1 Small, E. et al. Final Survival Results From SPARTAN, a Phase 3 Study of Apalutamide (APA) vs Placebo (PBO) in Patients (pts) With Nonmetastatic Castration-Resistant Prostate Cancer (nmCRPC). https://meetinglibrary.asco.org/record/187437/abstract.
2 Small E., et all. SPARTAN, a phase 3 double-blind, randomized study of apalutamide (APA) vs placebo (PBO). in patients (pts) with nonmetastatic castration-resistant prostate cancer (nmCRPC). Abstract #161.
3 ERLEADA® Prescribing Information, September 2019.
4 Scher HI, et al. Design and end points of clinical trials for patients with progressive prostate cancer and castrate levels of testosterone: recommendations of the Prostate Cancer Clinical Trials Working Group. J Clin Oncol. 2008;26:1148-1159. Accessed May 2020.
5 Scher HI, et al. Trial Design and Objectives for Castration-Resistant Prostate Cancer: Updated Recommendations From the Prostate Cancer Clinical Trials Working Group 3. J Clin Oncol. 2016;34:1402-1418. Accessed May 2020.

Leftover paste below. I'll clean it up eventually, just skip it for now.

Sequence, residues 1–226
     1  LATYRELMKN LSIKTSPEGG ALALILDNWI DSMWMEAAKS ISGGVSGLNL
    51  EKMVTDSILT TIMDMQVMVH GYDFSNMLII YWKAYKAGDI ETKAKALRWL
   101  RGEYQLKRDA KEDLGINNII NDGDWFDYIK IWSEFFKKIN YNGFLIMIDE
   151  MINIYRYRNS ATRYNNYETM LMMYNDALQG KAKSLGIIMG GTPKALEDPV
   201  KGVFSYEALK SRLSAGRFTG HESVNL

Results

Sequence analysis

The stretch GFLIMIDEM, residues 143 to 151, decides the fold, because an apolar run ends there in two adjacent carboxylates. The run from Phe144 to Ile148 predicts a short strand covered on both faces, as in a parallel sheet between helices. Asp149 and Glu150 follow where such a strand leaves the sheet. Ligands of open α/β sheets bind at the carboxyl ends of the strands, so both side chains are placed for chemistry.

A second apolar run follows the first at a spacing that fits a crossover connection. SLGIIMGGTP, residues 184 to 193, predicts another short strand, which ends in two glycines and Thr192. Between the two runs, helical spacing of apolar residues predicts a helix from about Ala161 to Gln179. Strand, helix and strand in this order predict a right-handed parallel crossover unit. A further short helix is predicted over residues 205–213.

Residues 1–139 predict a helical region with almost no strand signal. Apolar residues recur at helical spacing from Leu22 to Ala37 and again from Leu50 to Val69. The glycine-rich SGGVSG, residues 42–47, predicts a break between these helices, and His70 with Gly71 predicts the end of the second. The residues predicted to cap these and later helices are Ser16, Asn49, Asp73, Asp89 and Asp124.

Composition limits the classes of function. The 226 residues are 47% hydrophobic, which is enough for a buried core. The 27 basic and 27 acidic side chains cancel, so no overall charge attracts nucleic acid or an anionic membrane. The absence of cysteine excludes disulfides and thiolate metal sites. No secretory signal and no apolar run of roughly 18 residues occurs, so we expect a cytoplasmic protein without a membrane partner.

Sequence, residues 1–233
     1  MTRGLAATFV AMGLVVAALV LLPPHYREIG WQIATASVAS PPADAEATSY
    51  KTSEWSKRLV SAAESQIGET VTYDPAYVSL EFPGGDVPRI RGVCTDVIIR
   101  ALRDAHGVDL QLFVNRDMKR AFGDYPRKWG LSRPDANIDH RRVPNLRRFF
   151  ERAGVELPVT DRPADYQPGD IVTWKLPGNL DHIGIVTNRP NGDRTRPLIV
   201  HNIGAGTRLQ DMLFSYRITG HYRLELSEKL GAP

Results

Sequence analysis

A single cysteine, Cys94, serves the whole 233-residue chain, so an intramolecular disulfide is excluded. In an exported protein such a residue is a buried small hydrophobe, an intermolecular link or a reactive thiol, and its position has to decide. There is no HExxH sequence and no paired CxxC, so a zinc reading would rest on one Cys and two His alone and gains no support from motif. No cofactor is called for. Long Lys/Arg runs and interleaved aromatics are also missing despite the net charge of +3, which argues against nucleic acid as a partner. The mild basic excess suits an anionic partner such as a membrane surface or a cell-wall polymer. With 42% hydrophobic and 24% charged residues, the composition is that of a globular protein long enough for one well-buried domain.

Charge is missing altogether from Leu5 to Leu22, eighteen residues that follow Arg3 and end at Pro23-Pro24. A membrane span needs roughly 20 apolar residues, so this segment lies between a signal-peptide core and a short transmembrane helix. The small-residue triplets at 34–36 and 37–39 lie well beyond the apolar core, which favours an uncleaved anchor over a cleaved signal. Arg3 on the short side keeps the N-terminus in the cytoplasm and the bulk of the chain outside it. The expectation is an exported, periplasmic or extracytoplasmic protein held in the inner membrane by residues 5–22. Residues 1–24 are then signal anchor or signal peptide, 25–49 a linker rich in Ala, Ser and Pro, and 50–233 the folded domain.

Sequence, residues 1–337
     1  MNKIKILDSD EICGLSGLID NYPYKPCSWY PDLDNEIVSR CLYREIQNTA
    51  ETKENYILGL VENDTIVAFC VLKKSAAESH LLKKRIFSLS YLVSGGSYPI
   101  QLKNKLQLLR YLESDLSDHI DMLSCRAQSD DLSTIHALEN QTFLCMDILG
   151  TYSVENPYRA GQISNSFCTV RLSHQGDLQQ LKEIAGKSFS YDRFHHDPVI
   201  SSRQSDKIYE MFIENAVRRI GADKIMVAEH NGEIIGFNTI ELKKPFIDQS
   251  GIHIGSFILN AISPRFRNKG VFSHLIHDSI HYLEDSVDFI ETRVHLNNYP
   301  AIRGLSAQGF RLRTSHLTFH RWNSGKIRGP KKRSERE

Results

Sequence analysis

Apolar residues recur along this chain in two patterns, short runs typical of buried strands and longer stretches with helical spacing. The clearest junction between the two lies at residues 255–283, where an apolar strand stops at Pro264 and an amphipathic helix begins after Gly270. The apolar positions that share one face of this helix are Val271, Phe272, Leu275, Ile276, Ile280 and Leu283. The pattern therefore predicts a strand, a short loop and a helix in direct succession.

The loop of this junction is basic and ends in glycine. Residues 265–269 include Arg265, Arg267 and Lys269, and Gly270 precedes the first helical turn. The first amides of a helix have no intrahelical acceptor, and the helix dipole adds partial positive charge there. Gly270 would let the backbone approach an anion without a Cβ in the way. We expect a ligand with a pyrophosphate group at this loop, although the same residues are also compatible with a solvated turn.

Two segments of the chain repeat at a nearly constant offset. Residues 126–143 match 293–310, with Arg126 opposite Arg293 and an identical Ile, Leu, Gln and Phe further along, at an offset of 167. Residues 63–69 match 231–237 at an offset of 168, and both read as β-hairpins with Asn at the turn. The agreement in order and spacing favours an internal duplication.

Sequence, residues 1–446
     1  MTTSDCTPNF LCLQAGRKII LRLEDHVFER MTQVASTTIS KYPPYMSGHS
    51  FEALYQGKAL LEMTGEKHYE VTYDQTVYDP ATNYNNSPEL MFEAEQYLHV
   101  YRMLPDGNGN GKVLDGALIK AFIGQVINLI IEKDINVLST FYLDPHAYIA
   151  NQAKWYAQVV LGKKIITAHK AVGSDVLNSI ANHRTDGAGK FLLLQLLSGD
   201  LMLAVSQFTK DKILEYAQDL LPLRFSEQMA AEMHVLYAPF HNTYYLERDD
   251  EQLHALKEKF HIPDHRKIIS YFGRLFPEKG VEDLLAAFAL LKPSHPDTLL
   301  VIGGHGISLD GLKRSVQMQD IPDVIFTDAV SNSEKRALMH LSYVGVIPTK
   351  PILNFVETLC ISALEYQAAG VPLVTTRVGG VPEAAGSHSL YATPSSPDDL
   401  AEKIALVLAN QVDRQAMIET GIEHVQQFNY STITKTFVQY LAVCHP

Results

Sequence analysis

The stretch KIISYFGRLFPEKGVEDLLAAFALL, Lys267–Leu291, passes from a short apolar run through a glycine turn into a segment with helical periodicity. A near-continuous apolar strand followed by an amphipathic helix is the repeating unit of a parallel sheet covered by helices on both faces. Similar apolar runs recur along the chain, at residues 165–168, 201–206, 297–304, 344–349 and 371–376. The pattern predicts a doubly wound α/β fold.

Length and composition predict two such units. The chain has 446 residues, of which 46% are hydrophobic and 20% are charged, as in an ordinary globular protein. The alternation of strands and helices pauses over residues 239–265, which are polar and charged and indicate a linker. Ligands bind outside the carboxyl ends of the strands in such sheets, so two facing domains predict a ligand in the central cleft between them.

6 Virgo K, et al. Second-Line Hormonal Therapy for Men with Chemotherapy-Naïve, Castration-Resistant Prostate Cancer: American Society of Clinical Oncology Provisional Clinical Opinion. Journal of Clinical Oncology. 2017; 0732-183X/17/3599-1. Accessed May 2020.
7 Saad F, et al. The 2015 CUA0CUOG guidelines for the management of castration-resistant prostate cancer (CRPC). Can Urol Assoc J. 2015;9(3-4):90-96. https://www.ncbi.nlm.nih.gov/pmc/articles/PMC4455631/. Accessed May 2020.
8 American Cancer Society. Cancer Facts & Figures. Available at: https://www.cancer.org/content/dam/cancer-org/research/cancer-facts-and-statistics/annual-cancer-facts-and-figures/2020/cancer-facts-and-figures-2020.pdf. Accessed May 2020.
9 NCCN Clinical Practice Guidelines in Oncology (NCCN Guidelines®) for Prostate Cancer V.4.2019. National Comprehensive Cancer Network, Inc. 2019. All rights reserved. Updated August 2019.
10 American Urological Association. Castration-Resistant Prostate Cancer Guidelines. http://www.auanet.org/guidelines/castration-resistant-prostate-cancer-(2013-amended-2018). Accessed May 2020.